Project: The response of keratinocytes membrane and intercellular signalling to cannabidiol, used as a protection against the influence of physical and chemical environmental factors
Department: Department of Inorganic and Analytical Chemistry
My supervisor: Prof. Elżbieta Skrzydlewska, PhD
Co-investigator: Agnieszka Gęgotek, PhD
General description of my project
Skin keratinocytes are the essential building blocks of the epidermis. These cells are constantly exposed to external physical and chemical factors that may cause oxidative stress and inflammation. We are looking for new cytoprotective compounds, especially from the group of compounds of plant origin. An example of such compound is cannabidiol (CBD) that is an antioxidant, anti-inflammatory compound derived from Cannabis sativa. It is important to determine whether cannabidiol can prevent the metabolic effects of keratinocytes exposed to physical and chemical factors. Therefore, the aim of this research project is to analyse the CBD effect, especially in terms of changes in cell membrane conditions, in keratinocyte cell culture which is exposed to physical and chemical environmental factors .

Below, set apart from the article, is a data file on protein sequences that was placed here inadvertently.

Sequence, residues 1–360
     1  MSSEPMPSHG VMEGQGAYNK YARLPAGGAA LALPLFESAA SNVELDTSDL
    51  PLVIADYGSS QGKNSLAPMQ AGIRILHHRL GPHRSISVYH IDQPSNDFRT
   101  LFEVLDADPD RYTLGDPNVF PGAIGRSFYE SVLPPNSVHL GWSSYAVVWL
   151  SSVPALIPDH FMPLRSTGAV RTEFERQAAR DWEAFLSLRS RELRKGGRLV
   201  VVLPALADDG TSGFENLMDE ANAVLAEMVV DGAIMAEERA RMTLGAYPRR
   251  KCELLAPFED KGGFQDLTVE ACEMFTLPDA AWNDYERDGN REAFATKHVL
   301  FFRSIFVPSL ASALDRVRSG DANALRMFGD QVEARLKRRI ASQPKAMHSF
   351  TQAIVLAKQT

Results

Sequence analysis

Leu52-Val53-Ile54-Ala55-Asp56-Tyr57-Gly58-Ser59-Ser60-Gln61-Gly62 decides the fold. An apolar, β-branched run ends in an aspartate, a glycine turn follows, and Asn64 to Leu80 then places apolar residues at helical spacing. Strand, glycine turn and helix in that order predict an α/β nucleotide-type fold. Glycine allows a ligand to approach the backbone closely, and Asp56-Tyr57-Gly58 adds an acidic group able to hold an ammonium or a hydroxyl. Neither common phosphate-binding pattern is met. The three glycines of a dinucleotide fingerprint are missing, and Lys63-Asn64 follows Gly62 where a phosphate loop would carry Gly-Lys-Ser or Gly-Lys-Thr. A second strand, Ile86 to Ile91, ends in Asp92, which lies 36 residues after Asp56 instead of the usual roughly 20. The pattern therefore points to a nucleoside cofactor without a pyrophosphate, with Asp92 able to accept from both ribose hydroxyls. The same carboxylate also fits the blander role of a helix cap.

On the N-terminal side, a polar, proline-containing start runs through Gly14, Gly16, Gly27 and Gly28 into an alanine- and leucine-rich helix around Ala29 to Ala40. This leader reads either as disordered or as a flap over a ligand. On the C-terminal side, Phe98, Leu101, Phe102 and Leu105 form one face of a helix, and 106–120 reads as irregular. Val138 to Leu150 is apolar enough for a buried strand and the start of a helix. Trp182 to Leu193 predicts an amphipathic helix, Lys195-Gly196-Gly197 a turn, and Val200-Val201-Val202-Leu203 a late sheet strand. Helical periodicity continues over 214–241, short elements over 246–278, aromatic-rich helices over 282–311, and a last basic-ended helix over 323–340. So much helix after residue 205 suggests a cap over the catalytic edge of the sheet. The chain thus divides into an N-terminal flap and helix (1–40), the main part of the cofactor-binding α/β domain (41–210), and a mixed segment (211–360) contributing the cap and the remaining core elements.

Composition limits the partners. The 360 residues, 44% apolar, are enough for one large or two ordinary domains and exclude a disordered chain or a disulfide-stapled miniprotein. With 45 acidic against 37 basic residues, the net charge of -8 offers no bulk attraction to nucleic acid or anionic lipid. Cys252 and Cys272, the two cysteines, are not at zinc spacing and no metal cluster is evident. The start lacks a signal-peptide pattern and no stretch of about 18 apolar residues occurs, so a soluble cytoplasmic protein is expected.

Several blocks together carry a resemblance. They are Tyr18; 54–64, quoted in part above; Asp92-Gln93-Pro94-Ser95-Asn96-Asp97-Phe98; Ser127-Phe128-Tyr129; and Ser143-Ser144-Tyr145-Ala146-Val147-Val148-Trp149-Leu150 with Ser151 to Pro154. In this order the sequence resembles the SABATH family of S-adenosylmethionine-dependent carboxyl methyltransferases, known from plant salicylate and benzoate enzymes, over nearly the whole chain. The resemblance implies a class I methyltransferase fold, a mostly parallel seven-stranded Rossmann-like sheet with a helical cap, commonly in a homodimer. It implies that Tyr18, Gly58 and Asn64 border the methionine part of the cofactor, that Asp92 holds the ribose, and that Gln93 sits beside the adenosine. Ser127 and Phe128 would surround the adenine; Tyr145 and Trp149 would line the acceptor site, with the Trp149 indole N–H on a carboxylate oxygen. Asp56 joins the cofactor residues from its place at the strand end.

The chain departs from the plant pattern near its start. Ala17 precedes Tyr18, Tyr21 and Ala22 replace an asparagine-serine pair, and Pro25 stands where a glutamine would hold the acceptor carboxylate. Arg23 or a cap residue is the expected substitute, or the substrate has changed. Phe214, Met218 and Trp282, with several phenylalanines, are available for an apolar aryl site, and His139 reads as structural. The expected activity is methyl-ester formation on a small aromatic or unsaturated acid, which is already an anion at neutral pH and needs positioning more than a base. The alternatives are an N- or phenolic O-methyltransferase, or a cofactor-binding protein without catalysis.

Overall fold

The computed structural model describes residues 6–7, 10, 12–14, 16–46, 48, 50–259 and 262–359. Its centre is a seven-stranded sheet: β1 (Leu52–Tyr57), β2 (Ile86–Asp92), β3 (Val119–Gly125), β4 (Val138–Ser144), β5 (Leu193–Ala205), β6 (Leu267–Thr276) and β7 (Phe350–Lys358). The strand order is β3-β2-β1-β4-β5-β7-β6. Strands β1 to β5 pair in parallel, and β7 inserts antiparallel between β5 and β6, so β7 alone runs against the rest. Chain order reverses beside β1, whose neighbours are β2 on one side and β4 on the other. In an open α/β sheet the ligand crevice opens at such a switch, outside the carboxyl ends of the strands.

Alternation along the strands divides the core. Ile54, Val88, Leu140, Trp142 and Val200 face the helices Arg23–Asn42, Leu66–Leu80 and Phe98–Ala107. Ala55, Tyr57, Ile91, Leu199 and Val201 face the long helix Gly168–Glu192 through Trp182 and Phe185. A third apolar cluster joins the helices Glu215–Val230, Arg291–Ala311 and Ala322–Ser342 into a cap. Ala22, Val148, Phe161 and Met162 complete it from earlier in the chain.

In my MSc project, I conducted experimental studies of the potential glycosylation profile for human telomerase catalitic subunit (hTERT) in hepatocellular carcinoma and neuroblastoma cell lines. Additionally, potentional glycosylation and phosphorylation sites were demostrated using bioinformatic methods in telomerase catalitic subunit amino acid sequences from other species, and the entire output was subject to comparative analysis.
Proteomics, metabolomics and lipidomics-specific approaches are interesting alternatives for handling oxidative stress.